Virtuos Paris's General Manager Clement Galiay spoke about the company's working practices and culture, shared their approach to education, and discussed the external development market in France.
Hello, I'm Clement – General Manager of Virtuos Paris. I graduated from business school and have been working in the games industry for about 20 years now. My original aspiration was to join the movie industry as even though I've always been an avid gamer, I didn’t realize that working in games was a possibility. Thankfully, I stumbled upon a project management role in a company providing services to video game studios and went all in for it! Later, I got to meet the guys who created Worms – a PC game I spent long hours playing with friends in my youth – and attended GDC for the first time, then joined Montreal-based Compulsion Games which released We Happy Few and became part of Xbox Game Studios.
When I eventually wanted to return to France, I looked for an ambitious, international company that works on exciting titles. I also wanted the opportunity to manage a team and push them to excel in delivering great games. I’ve known Virtuos since its founding, and I’ve always been interested in the external development model – so when I saw the opportunity to join, I ran! I’ve been here for almost three years, and it’s been a fantastic ride. I feel that it’s still only the beginning of our journey as we have so many exciting projects to be announced, and I can’t wait to share what we’ve been working on.
The External Development Market in France
France has a long history of video game development. It all started in the 80s with Infogrames and Ubisoft and flourished in the 90s with a large creative scene. The crisis of the 2000s significantly impacted the industry – the closure of big developers and their eventual spin-off as smaller companies resulted in a more dynamic and varied landscape.
And as the industry evolved, the collaboration between different studios came naturally, but only a handful embraced the external development model fully as most still want to develop their original creations. So while we have a lot of great development studios, the external development market is comparatively niche.
There are also fewer large studios in France, so overseas projects generally are the key driver of business for external developers. The external development mandates that come from French clients are typically smaller, but they positively impact the local industry as smaller companies can remain competitive due to the fit between demand and supply.
One thing is also certain, in France, we have high-quality education specific to video game development, as well as art and animation. This means that manpower is always growing with new talent whom companies are geared up to welcome.
At Virtuos Paris, we have a matrix organization: our people are organized according to function and project. We leverage the matrix structure in three ways.
Firstly, our team members will each have a line manager who is a subject matter expert. That ensures that our members are supported in the growth of their domain knowledge, as they progress along a clear career path. They are also provided specific training with ample opportunities to leverage the learnings and experiences of over 3,500 fellow Virtuosi around the world, thanks to our Central Technology Group – a team of knowledge facilitators who collaborate with art directors and producers, game designers, and technical experts to provide and manage training at Virtuos worldwide. Locally, we have department-wide training and everyone comes together in the studio to exchange knowledge.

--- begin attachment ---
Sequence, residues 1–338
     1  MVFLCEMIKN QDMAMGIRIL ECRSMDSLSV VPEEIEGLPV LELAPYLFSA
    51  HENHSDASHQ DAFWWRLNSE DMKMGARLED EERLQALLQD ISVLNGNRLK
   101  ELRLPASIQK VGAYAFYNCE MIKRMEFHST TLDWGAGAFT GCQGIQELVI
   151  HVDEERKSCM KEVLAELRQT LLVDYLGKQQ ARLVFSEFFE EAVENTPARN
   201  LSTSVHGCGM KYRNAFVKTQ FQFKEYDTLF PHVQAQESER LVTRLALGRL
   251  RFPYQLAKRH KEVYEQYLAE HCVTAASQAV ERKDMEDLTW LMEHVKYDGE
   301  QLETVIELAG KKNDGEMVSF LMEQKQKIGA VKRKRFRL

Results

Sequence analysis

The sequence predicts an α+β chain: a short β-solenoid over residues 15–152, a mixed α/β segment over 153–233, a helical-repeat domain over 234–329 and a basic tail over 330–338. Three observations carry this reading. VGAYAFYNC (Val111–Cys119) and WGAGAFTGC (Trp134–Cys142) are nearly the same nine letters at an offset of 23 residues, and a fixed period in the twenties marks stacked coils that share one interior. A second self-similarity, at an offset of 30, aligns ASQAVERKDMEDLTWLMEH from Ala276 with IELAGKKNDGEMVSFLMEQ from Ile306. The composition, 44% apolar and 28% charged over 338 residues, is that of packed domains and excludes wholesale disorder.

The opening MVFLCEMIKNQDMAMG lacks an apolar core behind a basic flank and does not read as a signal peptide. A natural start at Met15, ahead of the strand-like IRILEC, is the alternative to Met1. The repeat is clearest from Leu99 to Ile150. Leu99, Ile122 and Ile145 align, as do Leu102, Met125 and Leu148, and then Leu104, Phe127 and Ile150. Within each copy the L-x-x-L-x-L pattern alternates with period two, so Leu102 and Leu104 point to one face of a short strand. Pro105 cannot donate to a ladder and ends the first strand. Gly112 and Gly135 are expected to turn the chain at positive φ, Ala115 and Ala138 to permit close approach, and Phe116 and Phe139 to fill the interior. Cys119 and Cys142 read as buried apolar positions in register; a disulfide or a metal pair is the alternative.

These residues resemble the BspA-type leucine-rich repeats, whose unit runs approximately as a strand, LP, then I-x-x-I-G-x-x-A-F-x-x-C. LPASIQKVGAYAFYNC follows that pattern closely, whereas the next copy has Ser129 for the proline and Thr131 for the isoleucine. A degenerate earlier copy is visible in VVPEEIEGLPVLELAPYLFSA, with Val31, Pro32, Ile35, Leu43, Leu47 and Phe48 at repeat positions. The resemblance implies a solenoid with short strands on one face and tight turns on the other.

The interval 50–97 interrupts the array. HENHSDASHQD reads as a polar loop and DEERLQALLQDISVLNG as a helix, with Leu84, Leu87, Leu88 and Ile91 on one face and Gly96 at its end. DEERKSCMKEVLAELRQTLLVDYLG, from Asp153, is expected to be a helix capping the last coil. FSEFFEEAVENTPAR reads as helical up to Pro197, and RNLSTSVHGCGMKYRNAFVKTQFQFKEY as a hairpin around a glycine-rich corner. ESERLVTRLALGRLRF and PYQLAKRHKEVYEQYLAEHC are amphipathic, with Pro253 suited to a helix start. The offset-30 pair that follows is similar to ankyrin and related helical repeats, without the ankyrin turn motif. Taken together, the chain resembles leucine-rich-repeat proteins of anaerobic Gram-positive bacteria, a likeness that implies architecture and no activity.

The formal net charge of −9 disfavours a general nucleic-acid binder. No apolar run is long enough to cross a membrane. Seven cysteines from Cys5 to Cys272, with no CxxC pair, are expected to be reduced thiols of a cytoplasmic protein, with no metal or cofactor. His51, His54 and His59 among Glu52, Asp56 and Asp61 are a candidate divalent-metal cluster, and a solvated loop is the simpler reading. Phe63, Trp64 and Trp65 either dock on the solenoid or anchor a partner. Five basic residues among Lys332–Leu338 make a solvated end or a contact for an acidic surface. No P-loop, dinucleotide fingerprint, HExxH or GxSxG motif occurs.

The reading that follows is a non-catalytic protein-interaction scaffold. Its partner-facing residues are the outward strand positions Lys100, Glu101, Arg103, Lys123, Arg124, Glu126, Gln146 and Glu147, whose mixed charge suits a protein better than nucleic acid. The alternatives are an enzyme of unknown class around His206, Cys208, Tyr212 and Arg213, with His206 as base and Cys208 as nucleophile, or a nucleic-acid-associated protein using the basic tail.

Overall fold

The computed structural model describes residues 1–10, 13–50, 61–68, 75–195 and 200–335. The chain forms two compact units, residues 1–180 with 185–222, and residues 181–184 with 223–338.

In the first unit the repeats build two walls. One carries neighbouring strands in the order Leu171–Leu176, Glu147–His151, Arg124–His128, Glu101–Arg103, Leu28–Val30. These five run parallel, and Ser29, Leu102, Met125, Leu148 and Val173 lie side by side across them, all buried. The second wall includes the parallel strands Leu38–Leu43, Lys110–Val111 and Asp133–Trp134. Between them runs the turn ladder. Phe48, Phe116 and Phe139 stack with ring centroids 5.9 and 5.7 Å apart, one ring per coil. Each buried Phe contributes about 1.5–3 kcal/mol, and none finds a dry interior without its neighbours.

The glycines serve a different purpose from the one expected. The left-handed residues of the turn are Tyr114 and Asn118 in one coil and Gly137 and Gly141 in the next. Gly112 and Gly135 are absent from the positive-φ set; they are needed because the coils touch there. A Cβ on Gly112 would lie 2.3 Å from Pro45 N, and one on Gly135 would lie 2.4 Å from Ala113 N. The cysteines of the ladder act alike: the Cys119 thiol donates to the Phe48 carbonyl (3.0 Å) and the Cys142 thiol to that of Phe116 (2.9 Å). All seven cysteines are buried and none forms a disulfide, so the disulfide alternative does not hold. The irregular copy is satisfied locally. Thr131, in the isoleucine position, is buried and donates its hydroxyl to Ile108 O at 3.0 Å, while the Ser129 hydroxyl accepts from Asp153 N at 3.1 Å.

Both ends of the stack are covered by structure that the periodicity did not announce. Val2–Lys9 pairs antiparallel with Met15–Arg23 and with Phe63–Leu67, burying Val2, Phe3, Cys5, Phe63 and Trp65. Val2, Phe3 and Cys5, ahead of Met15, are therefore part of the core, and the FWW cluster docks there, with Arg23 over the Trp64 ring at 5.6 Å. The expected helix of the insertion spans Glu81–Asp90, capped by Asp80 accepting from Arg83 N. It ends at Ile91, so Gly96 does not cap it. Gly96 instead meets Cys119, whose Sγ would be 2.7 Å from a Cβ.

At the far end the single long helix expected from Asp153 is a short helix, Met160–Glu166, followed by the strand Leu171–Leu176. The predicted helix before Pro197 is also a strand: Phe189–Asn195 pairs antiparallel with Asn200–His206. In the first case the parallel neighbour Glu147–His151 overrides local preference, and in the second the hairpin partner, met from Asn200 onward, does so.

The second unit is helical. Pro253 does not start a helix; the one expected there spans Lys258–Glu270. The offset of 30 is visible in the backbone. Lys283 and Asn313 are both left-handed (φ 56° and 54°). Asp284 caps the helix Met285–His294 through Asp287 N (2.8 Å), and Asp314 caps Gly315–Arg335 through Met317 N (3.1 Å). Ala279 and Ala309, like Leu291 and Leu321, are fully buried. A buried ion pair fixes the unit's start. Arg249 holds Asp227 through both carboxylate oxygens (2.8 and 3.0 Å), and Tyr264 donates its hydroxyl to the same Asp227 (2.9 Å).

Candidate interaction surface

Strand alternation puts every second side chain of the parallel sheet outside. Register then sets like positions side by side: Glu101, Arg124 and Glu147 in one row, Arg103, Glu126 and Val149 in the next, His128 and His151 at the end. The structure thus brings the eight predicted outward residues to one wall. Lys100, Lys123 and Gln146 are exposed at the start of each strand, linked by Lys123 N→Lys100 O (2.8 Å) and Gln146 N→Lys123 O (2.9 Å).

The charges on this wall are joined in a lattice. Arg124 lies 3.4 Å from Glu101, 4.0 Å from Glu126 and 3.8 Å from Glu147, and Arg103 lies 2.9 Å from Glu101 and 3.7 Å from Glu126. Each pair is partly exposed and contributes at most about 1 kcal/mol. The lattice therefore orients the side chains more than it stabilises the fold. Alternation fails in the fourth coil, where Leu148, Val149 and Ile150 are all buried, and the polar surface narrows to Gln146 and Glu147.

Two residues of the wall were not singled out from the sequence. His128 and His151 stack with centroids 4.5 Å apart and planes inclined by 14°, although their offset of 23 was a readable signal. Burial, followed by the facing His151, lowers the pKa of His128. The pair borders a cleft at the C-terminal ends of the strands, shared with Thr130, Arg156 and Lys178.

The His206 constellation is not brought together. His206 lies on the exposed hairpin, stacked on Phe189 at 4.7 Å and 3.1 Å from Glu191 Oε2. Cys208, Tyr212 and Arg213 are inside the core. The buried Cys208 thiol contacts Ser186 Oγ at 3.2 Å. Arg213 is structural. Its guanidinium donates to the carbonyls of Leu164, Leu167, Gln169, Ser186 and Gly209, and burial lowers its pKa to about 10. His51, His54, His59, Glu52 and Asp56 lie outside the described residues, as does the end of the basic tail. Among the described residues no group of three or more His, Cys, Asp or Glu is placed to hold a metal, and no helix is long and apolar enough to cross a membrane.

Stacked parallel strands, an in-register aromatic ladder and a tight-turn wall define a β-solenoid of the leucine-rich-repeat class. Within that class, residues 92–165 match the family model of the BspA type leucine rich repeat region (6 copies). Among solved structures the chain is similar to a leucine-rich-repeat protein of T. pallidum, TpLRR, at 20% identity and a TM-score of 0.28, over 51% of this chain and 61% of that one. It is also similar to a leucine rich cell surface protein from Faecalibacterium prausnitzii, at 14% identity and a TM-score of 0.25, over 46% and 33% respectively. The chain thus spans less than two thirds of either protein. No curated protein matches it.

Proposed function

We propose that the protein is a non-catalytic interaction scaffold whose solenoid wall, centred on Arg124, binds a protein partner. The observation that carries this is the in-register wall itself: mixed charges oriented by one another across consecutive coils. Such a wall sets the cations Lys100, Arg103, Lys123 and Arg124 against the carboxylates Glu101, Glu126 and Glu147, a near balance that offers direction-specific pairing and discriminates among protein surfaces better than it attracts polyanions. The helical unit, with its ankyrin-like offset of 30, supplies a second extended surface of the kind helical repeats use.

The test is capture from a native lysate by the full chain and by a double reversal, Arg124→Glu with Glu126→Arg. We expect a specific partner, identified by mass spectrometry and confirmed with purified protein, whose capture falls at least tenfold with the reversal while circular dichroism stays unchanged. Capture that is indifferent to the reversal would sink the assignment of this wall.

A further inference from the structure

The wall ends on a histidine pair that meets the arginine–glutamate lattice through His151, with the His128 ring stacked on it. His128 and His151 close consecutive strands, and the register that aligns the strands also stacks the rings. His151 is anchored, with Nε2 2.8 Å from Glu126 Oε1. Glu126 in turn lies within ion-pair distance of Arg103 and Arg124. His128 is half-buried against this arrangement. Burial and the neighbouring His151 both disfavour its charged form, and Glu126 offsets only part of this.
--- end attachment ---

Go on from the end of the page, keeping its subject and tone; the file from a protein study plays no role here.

Secondly, each project team has members of every function represented. This creates efficiency and builds a synergy that enables faster iteration and higher-quality work. Members of each team also work in the office on the same days to perform their scrum ceremonies, as well as all other tasks we’ve identified as more efficient when done face-to-face, such as review sessions and social gatherings!
Lastly, we ensure seamless and efficient collaboration in our hybrid work approach by having detailed documentation and utilizing a blend of online knowledge portals and communication tools.
The Necessary Skills
Virtuos’ core values are excellence, trust, and positivity – so of course, that is what we look for when adding new talent to our team. Some of the soft skills we accordingly look for are creativity, critical thinking, problem-solving, communication, and teamwork. We want our people to always deliver their best selves and work, which has helped put Virtuos in a leading position. That requires us to constantly learn and share best practices, with team members entrusted with their areas of expertise while collaborating with other subject matter experts. Lastly, we also welcome people with diverse interests outside of video games, as they bring new perspectives and added value.
We help newcomers settle in at three levels – team, studio, and company. Day one usually takes place in our studio, where new Virtuosi meet their line managers and project teammates face to face. They will be provided with detailed onboarding documents and assigned a buddy who will help with any questions they might have about our company, policies, and more. That helps them get up to speed in the first few weeks when they might feel like they’ve boarded a fast-moving train. We also encourage referrals and it’s efficient as quite often, our newcomers already have some friends in the studio.